Cisco misses revenue targets and its stock slides
Cisco Systems Inc. endured a rough ride in after-hours trading today as its stock lost more than 6% of its value after the networking giant reported mixed first-quarter financial results and offered lower-than-expected guidance for the current quarter.
Cisco reported a profit before certain costs such as stock compensation of 82 cents per share on revenue of $12.9 billion during the quarter, up 8% from one year ago. Analysts had been looking for an 80-cent-per-share adjusted profit, though they were modeling slightly higher sales of $12.98 billion.
Cisco Chief Executive Chuck Robbins (pictured) said in a statement the company had shown “robust growth” thanks to continuing strong demand for its products, even as it struggled amid a “very dynamic” supply environment.
Robbins wasn’t wrong. On the face of it, Cisco’s business appears healthy, with sales up in all but one of the company’s six new product categories. It also saw total product orders grow by 33% year-over-year, while product revenue rose 11%, to $9.53 billion.
Looking to the second quarter, Cisco expects to continue growing, with annualized revenue growth forecast to be in the region of 4.5% to 6.5%. But that’s lower than Wall Street’s forecast of $12.85 billion in revenue, which implies growth of 7.4%.
So Cisco’s problems are more just the fact investors believe it could be growing at a much faster rate if not for the supply chain issues that have hampered its progress over the last year.
Robbins addressed those issues in a conference call with analysts, saying the company has taken multiple steps to mitigate component shortages and deliver products to customers. Those steps include “working closely with our key suppliers and contract manufacturers, paying significantly higher logistics costs to get components where they are most needed, working on modifying our designs to utilize alternative suppliers where possible, and constantly optimizing our build and delivery plans,” Robbins said.
The higher logistics costs are putting pressure on Cisco’s gross margin, though. “While we thoughtfully raise prices to offset this impact, the benefits are not immediate and will be recognized over the coming quarters,” the CEO explained.
Cisco Chief Financial Officer Scott Herren later clarified that the impact of those price increases will only show up in the company’s third- and fourth-quarter results, when they’re expected to boost revenue.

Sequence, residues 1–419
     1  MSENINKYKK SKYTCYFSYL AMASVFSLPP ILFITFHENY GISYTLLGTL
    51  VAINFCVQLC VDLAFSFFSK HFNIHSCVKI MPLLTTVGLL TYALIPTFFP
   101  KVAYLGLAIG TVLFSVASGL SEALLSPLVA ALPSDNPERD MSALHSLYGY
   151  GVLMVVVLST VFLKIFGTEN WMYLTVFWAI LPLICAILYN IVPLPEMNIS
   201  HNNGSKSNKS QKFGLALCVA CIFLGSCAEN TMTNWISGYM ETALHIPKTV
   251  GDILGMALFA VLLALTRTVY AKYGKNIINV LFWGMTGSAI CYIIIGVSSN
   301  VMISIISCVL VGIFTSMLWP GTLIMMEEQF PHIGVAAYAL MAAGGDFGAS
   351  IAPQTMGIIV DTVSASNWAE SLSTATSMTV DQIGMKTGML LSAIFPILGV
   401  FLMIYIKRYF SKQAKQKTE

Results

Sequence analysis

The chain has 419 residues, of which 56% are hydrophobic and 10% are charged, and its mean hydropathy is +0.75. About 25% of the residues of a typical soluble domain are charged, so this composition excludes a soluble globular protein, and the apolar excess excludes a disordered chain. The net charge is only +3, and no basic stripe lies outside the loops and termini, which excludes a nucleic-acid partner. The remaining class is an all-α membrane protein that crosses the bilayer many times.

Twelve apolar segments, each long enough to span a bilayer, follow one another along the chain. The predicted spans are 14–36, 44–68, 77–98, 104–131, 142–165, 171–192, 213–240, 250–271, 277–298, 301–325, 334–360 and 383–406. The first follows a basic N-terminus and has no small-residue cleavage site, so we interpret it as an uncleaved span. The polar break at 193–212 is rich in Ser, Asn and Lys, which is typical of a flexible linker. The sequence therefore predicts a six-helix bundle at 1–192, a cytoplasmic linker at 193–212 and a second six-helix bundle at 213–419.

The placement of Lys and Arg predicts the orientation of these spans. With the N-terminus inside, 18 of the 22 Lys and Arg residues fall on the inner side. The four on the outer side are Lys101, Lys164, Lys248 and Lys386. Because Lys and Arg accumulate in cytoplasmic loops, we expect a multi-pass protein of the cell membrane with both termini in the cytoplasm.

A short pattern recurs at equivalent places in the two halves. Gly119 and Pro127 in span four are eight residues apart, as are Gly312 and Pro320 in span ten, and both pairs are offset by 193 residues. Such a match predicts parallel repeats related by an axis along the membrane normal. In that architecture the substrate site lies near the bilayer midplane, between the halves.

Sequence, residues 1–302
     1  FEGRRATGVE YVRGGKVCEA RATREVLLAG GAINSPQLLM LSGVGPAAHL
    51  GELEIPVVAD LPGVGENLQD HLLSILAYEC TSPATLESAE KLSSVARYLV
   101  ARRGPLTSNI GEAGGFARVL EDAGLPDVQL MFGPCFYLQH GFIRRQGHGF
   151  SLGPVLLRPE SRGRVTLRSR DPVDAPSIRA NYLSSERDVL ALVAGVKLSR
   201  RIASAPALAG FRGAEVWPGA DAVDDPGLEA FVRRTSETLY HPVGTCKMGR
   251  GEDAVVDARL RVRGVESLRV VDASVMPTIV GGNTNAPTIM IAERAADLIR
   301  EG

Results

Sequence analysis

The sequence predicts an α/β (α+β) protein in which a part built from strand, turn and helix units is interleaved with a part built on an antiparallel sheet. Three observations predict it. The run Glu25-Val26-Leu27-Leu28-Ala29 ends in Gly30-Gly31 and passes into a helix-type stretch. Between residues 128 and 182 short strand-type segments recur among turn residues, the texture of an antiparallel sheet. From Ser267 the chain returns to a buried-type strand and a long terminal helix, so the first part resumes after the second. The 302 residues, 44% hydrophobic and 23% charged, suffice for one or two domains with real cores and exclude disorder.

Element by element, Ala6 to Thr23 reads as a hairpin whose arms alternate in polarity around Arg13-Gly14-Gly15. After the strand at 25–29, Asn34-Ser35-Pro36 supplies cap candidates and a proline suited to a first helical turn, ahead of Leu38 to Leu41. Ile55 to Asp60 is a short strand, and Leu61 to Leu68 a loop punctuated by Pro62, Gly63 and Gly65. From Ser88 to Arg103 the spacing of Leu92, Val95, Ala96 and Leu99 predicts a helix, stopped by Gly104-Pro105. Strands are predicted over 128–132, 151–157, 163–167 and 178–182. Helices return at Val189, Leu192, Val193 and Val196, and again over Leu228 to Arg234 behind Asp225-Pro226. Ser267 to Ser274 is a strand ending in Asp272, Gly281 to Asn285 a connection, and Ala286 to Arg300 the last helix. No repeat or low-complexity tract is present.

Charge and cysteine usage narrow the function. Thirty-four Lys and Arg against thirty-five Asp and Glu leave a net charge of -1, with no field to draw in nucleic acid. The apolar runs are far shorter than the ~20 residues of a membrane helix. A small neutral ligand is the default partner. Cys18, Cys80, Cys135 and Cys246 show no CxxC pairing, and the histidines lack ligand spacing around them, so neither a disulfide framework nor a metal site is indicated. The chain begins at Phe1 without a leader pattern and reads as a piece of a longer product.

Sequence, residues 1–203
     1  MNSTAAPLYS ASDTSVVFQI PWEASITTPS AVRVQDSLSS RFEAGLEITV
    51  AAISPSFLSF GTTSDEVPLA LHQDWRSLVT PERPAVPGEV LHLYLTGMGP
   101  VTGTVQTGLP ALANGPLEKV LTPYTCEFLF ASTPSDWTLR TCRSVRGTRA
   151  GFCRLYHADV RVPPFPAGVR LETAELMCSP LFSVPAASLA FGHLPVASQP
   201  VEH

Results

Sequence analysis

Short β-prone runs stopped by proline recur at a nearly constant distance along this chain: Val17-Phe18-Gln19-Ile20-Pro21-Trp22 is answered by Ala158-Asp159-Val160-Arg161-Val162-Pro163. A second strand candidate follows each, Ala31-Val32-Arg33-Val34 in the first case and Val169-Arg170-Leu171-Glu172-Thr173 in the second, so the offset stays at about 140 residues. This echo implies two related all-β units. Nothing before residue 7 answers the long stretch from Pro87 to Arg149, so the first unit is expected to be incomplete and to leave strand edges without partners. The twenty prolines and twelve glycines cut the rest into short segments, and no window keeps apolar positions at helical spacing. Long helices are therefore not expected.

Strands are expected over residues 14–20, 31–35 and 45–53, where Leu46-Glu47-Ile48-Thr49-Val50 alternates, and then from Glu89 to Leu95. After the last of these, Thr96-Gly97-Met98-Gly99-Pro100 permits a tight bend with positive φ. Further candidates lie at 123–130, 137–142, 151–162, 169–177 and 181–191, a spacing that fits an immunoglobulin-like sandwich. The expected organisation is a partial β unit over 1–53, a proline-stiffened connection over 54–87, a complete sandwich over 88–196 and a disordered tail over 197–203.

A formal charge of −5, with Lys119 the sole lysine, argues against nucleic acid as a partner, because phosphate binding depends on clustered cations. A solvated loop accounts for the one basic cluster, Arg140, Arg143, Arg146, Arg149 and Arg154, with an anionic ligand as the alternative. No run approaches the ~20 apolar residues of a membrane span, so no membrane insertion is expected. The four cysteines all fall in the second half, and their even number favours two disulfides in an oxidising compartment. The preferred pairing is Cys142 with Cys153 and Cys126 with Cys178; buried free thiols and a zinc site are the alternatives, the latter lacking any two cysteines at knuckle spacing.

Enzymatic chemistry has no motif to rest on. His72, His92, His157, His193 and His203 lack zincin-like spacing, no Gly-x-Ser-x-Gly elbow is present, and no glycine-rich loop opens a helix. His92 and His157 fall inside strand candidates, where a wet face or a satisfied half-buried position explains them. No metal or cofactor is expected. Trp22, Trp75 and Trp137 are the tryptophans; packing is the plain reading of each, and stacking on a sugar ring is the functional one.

Holger Mueller of Constellation Research Inc. seemed to echo the concerns of investors, telling SiliconANGLE that Cisco is the “sick man of Silicon Valley,” struggling to generate significant growth even under very favorable conditions.
“It is good to see the increase in profitability, at least, though that was almost exclusively fueled by the absence of restructuring charges,” Mueller said. “Now the pressure is on Cisco to get a better handle on the global supply chain crisis. It is time for Cisco’s supply chain and production managers to shine, but the question is, does it even have the talent in place to do that? The next quarters will tell.”
Analyst Charles King of Pund-IT Inc. was a little kinder in his analysis, saying Cisco is the perfect example of what happens to any manufacturing-based businesses when vital components are suddenly in short supply.
“The resulting price increases act to pressure and diminish margins, disappointing shareholders and sending analysts into a tizzy,” King said. “Unfortunately, there’s no easy way out of this conundrum outside of exploring alternative suppliers and design options as Cisco’s leadership said it is doing. But the situation also underscores why many tech vendors have worked hard to mitigate risk by developing new service and business lines.”
Earlier in the quarter Cisco announced it would report revenue under six new product categories that highlight some of the smaller parts of its business. The change reflects Robbins’ belief that the future of Cisco’s business will be in six key technology areas: secure, agile networks, hybrid work, security, “internet for the future,” optimized application experiences and capabilities at the edge.
Cisco’s largest product category under the new reporting structure is Secure, Agile Networks, which includes sales of its traditional networking switches. It saw $5.97 billion in revenue, up 10% from a year ago.
The other segments include Internet for the Future, which reported revenue of $1.37 billion, up 46%, End-to-End Security, which added $895 million, up 4%, and Optimized Application Experiences, which did $181 million in sales, up 18%. Hybrid Work was the only disappointment, with sales of $1.11 billion representing a 7% decline, though the segment faced tough year-over-year comparisons. A final category, Other Product Revenue, grew 9%, to $3 million.
Outside products, Cisco reported service revenue of $3.37 billion, up 1% from a year ago.
Photo: Cisco Pics/Flickr
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